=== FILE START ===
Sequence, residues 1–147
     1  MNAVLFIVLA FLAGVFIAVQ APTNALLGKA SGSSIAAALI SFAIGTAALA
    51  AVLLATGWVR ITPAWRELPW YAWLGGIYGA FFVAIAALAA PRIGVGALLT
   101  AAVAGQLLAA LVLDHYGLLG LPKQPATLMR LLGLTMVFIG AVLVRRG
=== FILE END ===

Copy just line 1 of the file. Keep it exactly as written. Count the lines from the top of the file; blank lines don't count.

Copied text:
Sequence, residues 1–147